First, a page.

What is the key to successful growing? “It is about giving lots of love back to the soil.” According to Angel Beyde of Good Fortune Farmstead who was featured on our Green File podcast recently (https://feeds.blubrry.com/feeds/greenfile.xml).
Mark: “Okay, what does love mean?”
Angel: “Compost. Lots and lots of compost”.
You don’t have to be a romantic to appreciate the value of compost – the results speak for themselves. Right there in the soil.
There are many benefits to compost: it retains moisture, sequesters carbon, and it feeds plants necessary nutrients, many of which are not found in commercial fertilizers.
The climate appreciates your composter too, as kitchen scraps and yard waste material that end up in landfill decomposes anaerobically (in the absence of oxygen) which produces methane – a greenhouse gas 21 times more potent than CO2 for retaining heat in the atmosphere.
As you are looking at the pile of fallen leaves, dead tomato plants and other garden debris from tidying up the garden this fall, consider adding them to your compost pile. If you don’t have your own compost pile, find one. Or better yet, build one. According to Susan Antler, Executive Director of the Composting Council of Canada, we throw out up to 50% of compostable materials in part because only 61% of Canadians have access to some form of composter.
Condos and apartment buildings are a particular challenge. However, there have been examples of resident-led community compost programs in high-rise buildings that have been successful in diverting organic waste into a valuable resource.
Here are our tips for building your own compost, for your house or condo community:
- Get or build a composter. Compost units can vary in size and are a good opportunity to apply creativity and resourcefulness to salvaged building materials. Serviceable composting units can be made of four wooden skids, aligned in a square, providing the needed ventilation and mass to get the party started. Many municipalities provide free or discounted composting units to residents. Check with your municipal government.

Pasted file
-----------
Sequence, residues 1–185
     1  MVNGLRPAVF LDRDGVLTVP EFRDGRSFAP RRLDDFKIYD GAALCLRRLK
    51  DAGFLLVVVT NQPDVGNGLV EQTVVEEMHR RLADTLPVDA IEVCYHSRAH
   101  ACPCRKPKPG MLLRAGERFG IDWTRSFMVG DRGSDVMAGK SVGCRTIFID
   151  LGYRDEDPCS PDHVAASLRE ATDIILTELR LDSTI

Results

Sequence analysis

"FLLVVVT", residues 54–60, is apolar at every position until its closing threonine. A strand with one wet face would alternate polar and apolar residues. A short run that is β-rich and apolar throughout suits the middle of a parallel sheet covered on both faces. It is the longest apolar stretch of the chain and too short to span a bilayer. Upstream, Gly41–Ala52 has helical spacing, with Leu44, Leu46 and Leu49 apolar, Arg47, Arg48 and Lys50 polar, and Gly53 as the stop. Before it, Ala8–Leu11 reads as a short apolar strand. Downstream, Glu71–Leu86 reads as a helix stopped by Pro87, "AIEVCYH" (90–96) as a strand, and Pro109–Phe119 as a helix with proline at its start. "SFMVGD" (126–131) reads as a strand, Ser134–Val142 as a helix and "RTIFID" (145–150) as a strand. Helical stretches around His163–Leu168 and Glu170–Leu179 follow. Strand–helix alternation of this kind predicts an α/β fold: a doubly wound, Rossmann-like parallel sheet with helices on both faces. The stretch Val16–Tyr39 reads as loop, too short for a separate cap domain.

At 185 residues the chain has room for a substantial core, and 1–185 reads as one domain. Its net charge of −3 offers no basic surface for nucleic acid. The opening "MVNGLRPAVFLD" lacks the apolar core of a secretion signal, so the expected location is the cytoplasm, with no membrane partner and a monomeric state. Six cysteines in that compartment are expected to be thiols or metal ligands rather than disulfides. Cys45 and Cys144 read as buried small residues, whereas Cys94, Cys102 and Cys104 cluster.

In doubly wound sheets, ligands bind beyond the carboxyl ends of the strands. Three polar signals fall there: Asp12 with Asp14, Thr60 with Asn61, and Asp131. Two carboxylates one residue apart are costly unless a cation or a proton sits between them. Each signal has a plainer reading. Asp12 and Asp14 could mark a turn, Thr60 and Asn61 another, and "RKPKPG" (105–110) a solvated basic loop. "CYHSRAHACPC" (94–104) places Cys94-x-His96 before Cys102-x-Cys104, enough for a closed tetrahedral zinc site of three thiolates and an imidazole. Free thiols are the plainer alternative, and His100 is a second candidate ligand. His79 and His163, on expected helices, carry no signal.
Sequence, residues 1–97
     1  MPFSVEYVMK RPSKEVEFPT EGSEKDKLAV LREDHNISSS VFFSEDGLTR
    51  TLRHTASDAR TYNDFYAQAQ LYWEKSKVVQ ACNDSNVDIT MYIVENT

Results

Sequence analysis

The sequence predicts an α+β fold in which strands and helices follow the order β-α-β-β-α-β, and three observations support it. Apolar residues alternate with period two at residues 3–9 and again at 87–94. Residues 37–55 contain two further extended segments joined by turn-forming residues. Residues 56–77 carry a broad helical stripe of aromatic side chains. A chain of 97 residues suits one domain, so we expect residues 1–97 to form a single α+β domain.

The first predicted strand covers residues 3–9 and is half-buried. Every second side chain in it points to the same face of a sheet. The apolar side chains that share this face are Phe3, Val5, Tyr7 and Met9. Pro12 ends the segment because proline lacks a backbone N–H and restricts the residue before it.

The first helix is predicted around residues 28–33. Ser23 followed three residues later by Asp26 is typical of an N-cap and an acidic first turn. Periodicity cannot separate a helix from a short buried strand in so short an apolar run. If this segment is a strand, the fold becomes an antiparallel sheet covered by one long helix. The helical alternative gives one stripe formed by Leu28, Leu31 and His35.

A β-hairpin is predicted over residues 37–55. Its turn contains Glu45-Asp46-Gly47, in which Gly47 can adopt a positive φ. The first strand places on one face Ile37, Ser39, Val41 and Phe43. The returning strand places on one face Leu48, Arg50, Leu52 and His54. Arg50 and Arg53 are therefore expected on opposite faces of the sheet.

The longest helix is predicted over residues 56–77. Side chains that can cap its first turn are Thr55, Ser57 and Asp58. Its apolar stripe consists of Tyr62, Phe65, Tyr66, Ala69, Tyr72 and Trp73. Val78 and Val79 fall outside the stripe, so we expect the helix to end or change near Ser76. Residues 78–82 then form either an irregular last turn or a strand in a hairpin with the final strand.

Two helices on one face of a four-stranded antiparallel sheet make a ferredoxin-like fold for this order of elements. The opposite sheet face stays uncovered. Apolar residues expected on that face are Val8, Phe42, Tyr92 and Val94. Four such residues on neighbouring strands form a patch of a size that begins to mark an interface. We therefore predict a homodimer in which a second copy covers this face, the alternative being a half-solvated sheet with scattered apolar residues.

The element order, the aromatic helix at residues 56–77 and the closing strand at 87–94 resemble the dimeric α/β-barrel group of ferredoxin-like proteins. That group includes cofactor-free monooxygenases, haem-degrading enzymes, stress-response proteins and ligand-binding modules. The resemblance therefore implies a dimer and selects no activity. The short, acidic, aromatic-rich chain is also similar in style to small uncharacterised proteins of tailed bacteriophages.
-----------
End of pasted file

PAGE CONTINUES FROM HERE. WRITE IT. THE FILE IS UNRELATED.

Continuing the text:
The pre-made route provides many options. The key to success is that you mix the right materials (see below) and provide lots of air circulation either by venting the organic mass or turning it monthly to introduce oxygen.
- Brown/Green Dichotomy. Composting is a green act. The brown stuff is carbon-rich fallen leaves and shredded newspaper or cardboard. The green stuff is kitchen scraps and grass clippings that are more nitrogen rich. The key is to maintain 1 part green to every 5 to 10 parts brown. The abundance of fallen leaves this time of year means that this is an important time of year to build or acquire a composter.
- Turn it like a record table. Your compost pile is breathing, and by turning it you are helping oxygenate it to feed this process and accelerate the decomposition process. You can use a garden fork or spade to turn it over throughout the season – it’s okay to take a break for the winter months as microbial activity in your compost will slow down.
- Heat – how hot? Ideally, the middle of your compost pile will reach 50-70 degrees Celsius in mid-summer. It will cool through the winter, but unless you live way up north it should not freeze through. If your compost isn’t getting warm, add more nitrogen (green material), make a bigger compost, or water it to ensure there is adequate moisture.
- Harvest now if you already have compost, as fall is a good time to go spread a thick layer of compost over the garden before putting it to bed before winter. Make sure to leave some fresh compost to keep things going as you add new material – think of it like sourdough bread starter, with live bacteria digesting organic matter rather than fermenting wheat.
After another summer of bounty and blooms, love your garden back by investing in compost.
Mark Cullen is an expert gardener, author, broadcaster, tree advocate and Member of the Order of Canada. His son Ben is a fourth-generation urban gardener and graduate of University of Guelph and Dalhousie University in Halifax. Follow them at markcullen.com, @markcullengardening, and on Facebook.